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        BPA History

        Skip Navigation LinksHome > About BPA > About BPA > BPA History

         

        The History of Business Professionals of America

        Officially formed in 1966 as the Office Education Association (OEA), Business Professionals of America (BPA) has a strong history as a student organization that contributes to the preparation of global professionals through the advancement of leadership, citizenship, academic and technological skills for students at the Middle, Secondary and Post-secondary levels.

        For the past 50-years, BPA has worked to serve as an innovator in Career and Technical Education, providing its members with opportunities for growth through education, competition, community service and personal development.

        The Early Years
        With technical and trade education for youth identified as a national necessity, the rise of the vocational education movement can be traced as far back as the Progressive Era where workers were concerned about making education more useful to their jobs, and business and industry desired better trained workers. Over the years, individual (short-term) bills were passed that provided support and funds for different trades, but it wasn’t until 1963 and the passing of the Vocational Education Act that grants to states to maintain, improve and develop vocational-technical education programs helped pave the way for organizations such as Business Professionals of America, then the Office Education Association to be formed.

        The funds from the Vocational Education Act were earmarked for occupations in demand. Funds were also provided for constructing area schools for vocational education as well as provisions for vocational office education, occupational training and work-study programs thus recognizing the need for a student organization for students enrolled in career/technical office/business programs.

         

        1964 – 1979
        In 1964 the American Vocational Association conducted a study of 43 states indicating that 67% of the state vocational education supervisors wanted a career/technical youth group for students in office/business programs. The following year, a second study confirmed the original findings and state supervisors met to develop guidelines.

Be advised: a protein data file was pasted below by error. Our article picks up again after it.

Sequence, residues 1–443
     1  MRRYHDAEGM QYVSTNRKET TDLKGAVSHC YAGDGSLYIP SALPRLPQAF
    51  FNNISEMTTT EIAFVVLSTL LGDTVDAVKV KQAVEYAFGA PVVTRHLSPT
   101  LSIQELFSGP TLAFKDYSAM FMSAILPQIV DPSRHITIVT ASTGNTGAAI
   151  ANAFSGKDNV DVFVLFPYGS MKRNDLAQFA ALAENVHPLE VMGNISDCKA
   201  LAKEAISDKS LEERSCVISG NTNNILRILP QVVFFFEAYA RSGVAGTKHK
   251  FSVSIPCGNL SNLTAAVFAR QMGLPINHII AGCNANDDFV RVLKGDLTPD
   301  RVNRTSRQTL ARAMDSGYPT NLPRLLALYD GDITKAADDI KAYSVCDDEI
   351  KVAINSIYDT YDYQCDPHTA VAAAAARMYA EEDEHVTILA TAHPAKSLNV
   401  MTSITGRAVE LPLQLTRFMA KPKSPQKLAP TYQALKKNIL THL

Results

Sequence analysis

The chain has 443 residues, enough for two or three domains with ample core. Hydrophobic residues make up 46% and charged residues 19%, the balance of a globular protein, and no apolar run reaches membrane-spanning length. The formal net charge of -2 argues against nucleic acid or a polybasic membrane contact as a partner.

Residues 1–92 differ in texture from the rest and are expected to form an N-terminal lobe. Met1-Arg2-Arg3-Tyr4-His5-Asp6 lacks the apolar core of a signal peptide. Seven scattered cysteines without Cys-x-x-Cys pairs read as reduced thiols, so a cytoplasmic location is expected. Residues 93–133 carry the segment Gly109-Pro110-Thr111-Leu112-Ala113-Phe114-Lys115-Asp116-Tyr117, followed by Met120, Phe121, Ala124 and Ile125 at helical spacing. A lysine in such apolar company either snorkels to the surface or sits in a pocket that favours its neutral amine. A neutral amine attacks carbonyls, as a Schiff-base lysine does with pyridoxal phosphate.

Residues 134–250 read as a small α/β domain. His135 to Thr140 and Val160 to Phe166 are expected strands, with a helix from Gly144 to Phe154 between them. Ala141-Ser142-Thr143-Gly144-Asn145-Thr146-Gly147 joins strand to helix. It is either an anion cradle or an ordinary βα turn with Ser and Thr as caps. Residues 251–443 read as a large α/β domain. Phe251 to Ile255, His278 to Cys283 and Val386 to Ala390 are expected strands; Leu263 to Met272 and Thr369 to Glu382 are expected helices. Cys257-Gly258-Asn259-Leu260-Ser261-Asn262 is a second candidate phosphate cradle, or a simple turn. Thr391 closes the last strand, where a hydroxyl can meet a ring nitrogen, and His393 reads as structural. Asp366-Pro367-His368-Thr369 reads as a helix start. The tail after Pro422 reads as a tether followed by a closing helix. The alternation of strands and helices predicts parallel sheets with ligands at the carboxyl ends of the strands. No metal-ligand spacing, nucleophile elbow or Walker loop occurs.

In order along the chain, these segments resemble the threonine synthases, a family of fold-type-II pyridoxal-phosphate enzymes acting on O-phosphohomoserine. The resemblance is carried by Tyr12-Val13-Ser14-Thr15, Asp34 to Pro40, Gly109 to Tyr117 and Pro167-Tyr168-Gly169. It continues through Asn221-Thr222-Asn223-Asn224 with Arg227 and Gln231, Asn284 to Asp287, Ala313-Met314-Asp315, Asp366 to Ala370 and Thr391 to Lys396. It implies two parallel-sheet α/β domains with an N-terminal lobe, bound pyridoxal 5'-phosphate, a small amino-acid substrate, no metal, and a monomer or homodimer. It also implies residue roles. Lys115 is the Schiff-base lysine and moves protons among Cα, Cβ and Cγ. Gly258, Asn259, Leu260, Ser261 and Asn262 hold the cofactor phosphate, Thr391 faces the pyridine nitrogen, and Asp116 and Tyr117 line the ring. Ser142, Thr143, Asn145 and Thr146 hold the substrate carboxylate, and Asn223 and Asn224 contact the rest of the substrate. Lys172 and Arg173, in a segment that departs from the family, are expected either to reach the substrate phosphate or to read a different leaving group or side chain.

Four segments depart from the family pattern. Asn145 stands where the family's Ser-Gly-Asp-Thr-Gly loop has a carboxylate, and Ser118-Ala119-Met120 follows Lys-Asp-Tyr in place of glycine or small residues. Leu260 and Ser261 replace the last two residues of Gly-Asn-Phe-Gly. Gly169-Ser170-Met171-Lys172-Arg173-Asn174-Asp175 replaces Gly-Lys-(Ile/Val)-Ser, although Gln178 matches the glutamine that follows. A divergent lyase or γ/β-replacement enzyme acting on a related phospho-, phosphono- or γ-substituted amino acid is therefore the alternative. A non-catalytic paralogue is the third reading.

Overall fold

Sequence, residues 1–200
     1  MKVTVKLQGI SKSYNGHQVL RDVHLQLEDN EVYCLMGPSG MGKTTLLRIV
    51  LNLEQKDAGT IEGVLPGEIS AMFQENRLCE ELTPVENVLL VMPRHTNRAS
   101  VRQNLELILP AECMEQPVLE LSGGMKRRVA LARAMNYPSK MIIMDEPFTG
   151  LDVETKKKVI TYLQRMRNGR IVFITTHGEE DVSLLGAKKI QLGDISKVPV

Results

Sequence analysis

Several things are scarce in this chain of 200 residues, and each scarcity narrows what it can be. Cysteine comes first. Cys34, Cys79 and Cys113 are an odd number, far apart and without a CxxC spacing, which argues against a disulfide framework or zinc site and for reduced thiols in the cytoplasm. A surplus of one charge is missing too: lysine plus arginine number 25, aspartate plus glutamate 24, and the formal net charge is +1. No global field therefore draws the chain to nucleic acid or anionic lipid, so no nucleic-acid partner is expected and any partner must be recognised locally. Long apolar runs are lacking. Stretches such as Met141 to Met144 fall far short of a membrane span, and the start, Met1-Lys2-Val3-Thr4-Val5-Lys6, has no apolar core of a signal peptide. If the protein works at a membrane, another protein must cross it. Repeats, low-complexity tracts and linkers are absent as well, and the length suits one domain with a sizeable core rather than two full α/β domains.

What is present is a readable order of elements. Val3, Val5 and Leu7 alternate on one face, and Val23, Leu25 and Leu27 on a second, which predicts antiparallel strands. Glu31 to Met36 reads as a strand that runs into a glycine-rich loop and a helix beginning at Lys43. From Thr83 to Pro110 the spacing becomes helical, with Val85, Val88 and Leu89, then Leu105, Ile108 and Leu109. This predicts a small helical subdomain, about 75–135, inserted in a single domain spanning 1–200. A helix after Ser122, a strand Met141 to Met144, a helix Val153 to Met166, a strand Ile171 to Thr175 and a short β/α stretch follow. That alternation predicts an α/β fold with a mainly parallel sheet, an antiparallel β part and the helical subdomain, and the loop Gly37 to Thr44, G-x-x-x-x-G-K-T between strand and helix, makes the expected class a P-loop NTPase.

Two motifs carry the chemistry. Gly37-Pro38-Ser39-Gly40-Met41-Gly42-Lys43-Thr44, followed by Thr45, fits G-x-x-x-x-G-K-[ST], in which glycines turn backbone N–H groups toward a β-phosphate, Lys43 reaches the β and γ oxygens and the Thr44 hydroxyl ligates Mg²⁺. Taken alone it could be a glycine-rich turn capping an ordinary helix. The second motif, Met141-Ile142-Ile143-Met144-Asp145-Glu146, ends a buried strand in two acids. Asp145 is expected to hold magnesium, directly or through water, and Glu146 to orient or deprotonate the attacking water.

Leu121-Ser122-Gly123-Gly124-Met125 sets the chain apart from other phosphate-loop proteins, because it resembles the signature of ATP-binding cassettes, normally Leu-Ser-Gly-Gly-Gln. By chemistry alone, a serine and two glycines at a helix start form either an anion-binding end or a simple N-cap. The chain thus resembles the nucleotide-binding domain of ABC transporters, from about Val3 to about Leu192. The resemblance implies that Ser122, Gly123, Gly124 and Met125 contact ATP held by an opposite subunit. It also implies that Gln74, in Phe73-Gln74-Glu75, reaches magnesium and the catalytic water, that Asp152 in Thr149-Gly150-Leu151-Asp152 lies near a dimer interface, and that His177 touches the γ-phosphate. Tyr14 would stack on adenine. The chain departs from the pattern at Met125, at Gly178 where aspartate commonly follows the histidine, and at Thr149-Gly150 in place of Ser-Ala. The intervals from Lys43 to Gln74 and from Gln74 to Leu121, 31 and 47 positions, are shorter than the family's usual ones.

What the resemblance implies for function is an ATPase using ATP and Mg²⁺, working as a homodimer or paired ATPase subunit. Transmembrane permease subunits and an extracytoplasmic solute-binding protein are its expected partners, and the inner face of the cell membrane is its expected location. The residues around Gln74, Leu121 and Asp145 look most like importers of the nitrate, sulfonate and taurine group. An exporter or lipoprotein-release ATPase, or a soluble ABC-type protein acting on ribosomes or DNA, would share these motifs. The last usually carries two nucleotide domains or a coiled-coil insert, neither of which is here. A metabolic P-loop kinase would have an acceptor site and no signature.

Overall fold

In July of 1966 the Vocational Office Education Clubs of America (VOECA) was formed by the states of Iowa, Kansas, and Wisconsin and that August, VOECA convened a meeting of youth group representatives to decide the most effective means to implement the office occupations youth group. After an intensive effort, articles of incorporation were filed for the Office Education Association (OEA) with the first three states to affiliate being Iowa, Kansas, and Wisconsin.

        By 1971 a national office had been established for the Office Education Association (OEA) in Columbus, OH and the Board of Trustees approved the Alumni Division. The first full-time Executive Director of OEA was employed in 1973.

        Also in 1973, The Governor's Conference on Technical Vocational Education concluded that education should be redirected with equal emphasis on education for living and education for making a living. As such, the council recommended that the educational experiences of every individual should develop occupational awareness and the dignity of work; provide career information, orientation and exploration; and prepare for a job and further education. 

         

        The 1980s